Why did I return 2 and not 1 ? Because as explained above, they are not returning the same number of attributes. The global page performance will return specific DOM performance attributes.

An example of using the python script (once it has been loaded) :

I would set noCache to True in order to have the maximum load time for your pages. This load time would be for anyone entering your webiste for the first time for each page.
In reality, thanks to the cache possibility, there are not really a lot of loadtime from one page to another.

Analyzing the requests’ performances

When we have both dataframe on our machine, we can start to analyze them in order to identify if there is a big gap between the global page performance and the different requests asked.

First, we will need to take the common key to merge them. The common key is the URL that are actually the same for retrieving the request performances and the global page performances.
If df_requests represents the dataframe of your request and df_dom the dataframe of your global page performance.

When you have this data, you can start by looking differences between script request and page performance (such as DOMinteractive).

A simple :

will give you the average difference between the time it takes for the analytics script to load and the moment the users can actually start to navigate on the website.
This information is quite interesting because if the difference is important, it means that the user may be able to navigate on your website without firing the analytics tag. “What is a good time?” you will ask me (because there will be a difference), from experience, it should be as close as possible to the second (from the DOM interactive event), even less if possible. More and it can really starts to have an impact on your tracking.

When you have all the information about the script, you can average also their starting point and the average of the domComplete event.
This is more tricky that you would think because each URL has one global page performance tag, but it can have multiple tags within the same URL, and not always the same.

So my strategy was to do it with 2 different dataframe :

  • one dataframe to take all the global page performance
  • one dateframe to group the average script performance for each script type

Global page performance

This one is fairly easy :

Grouping different script performances and taking there average

On this one, I actually already gave you a tip which is “grouping“.

we can then append the DOM complete data to the script grouping data frame and it will enable you to have new view on which script is actually impacting the load time.
Because each script that is being called before the DOM complete event is actually taking time upon this completion. When the scripts are called after this event is being generated by the page, it doesn’t really impact the user on the page load, so it is less dramatic.

ScriptPerformance_starts

I have 8 scripts that may have an impact on the load time of the page and the DOM complete events, therefore directly impacting the performance of the page.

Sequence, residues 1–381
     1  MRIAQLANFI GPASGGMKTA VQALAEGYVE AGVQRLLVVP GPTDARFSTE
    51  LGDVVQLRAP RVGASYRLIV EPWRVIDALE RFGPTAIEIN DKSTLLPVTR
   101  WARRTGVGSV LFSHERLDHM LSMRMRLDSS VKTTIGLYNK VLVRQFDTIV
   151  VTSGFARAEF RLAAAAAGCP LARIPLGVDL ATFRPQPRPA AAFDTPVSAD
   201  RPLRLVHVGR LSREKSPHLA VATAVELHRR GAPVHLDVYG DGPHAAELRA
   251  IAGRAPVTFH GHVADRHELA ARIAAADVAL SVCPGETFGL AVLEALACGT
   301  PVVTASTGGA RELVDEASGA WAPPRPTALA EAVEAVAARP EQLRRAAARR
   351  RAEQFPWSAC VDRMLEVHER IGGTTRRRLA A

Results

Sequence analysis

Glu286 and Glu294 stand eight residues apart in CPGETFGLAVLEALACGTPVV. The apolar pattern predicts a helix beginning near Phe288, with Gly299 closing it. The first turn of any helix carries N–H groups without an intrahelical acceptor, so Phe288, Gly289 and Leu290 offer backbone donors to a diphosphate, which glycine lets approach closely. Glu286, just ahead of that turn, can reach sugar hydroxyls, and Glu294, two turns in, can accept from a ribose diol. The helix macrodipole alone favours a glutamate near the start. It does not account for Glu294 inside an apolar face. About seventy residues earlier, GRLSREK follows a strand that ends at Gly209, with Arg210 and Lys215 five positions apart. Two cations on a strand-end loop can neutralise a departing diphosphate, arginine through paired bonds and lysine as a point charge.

But having a script loading before may not have such an impact, and it may be required to load that tag.
Fortunately, from the information we have retrieved by the performanceChecker crawler, we were able to look at script weight and script duration and have a clear view if these are correlated or not.

Size vs Duration

 

This where you need to know which script is which and therefore try to optimize their load or their execution.
Some scripts are fairly low on size but takes a long time to load. Those are problematic scripts that you want to make (as much as possible) load at the end of the page load.

In a more classical way, you can take the time of each page URL to load all of the script and compare them with the current URL loading time. Building this kind of graph would help you to understand if there is an URL that stands out of your website performance and should be more focus in you analysis.

load script vs load page - per URL No Cache

 

As explained before, those data have been retrieved without enabling the cache so we can see page performance for each of them. If we would have the cache enable we would be more realistic view on a user journey through your website, but it doesn’t really gives you the performance analysis of your website, and for each of your website.

You can find the real user journey on performance for your website when cache is enabled below (if your website has cache-control enabled).
Even less instructive, you should always remind yourself of that case in order to not be over dramatic about your tag performances.

Data performance Tag with cache

 

On those nice graphs, I will close this post and hope I gave you some clues when you want to analyze the performance of your website, especially regarding loading the tags and how you can analyze these information with python.

Some of you may think that this crawler is quite useful and will really help to focus on a specific topic for your analysis but you may want to have a more global view of your page performances and not only focusing on a specific set of tags.

In order to do this kind of analysis, we will cover that with a second blog post and analyze HAR files for your website.
See you soon.